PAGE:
Two other issues worth discussing are the oversized parliament and the larger number of ministerial portfolios. The TCRSS introduced an upper chamber of parliament whose members are elected by the respective assemblies of the 10 states. There are also 20 ministries whose functions often overlap. The current bicameral National Legislature (Legislative Assembly and Council of States) consists of 332 seats in addition to the 50 seats added by the Council of States. One of the functions of the Council of States is to legislate on the decentralized system of government and federalism. South Sudan already boasts the best ratio of members of parliament to the population in the region, 42.4 for every million inhabitants. The recent creation of 18 new states through another presidential decree will likely expand the size of the legislature and an unnecessary bureaucracy. The TCRSS does not grant the executive powers to change borders by nearly tripling the number of states. These powers belong to the Council of States in the parliament. The act of decentralizing through an executive order only strengthens the executive branch and excludes the public and transparent deliberation on national issues, while weakening state organs and circumventing legislative procedures.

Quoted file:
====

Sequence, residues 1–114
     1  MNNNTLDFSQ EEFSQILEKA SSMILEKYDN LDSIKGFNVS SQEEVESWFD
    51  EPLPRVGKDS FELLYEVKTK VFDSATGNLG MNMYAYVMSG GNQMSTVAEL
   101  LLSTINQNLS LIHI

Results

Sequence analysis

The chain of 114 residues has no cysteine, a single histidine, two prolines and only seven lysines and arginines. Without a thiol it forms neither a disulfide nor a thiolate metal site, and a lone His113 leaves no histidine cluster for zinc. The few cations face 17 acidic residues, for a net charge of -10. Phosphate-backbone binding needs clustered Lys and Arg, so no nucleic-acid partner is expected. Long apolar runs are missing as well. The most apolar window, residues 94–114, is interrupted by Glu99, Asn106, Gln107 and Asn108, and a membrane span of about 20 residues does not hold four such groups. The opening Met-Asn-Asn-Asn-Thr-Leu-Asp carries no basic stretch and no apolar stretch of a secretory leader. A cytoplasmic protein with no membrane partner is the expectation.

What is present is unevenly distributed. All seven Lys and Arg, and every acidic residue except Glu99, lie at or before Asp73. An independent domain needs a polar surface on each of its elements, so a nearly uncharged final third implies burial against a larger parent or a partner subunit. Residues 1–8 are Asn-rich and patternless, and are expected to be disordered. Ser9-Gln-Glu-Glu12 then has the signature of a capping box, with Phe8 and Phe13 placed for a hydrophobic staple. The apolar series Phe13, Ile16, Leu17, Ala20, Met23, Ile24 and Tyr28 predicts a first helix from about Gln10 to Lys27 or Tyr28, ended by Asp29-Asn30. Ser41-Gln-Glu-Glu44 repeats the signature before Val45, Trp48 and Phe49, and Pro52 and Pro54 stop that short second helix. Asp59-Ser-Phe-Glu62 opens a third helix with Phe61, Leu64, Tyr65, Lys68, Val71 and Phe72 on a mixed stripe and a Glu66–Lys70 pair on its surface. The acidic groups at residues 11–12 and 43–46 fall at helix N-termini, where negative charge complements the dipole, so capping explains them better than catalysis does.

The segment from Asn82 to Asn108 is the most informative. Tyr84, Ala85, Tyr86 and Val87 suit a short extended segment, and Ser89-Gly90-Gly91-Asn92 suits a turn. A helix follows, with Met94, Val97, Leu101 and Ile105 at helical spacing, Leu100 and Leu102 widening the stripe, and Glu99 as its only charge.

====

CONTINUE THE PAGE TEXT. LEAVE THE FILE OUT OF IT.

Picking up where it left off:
The lessons from successful and unsuccessful transitions inform us that the process and context of political transition matters. South Sudan should develop a system of governance rooted in its socio-historical context—one that responds to its needs. Key stakeholders should be prioritized through an inclusive process that allows all relevant actors to shape the outcome. The parties to the peace agreement have the difficult task of implementing inclusive democratic processes and bringing diverse ethnic groups into the national framework to create a unified state.
Going forward, there are three requirements for South Sudan’s transition: the inclusion of key stakeholders, the participation of the population through popular consultation, and a comprehensive and holistic approach that addresses the root causes of the conflict. This includes the resumption of the constitutional process that began with consultations of community members but was abruptly terminated before the crisis. Whereas inclusion improves the legitimacy of the process, participation guarantees durability. This entails organizing and strengthening of key local stakeholders, large and small, in the transitional process to ensure equal participation of voices in shaping the process itself.
About the Author
Christopher Zambakari is a Doctor of Law and Policy, Board Member of the Sudan Studies Association (SSA), and a Rotary Peace Fellow. He is based in the School of Political Science and International Studies at University of Queensland, Australia. His area of research and expertise is policy development that ensures political stability and socioeconomic development, and his interests include modern political and legal thought, governance and democracy, the rule of law, postcolonial violence, and nation-building projects in Africa. His work has been published in law, economic, and public policy journals.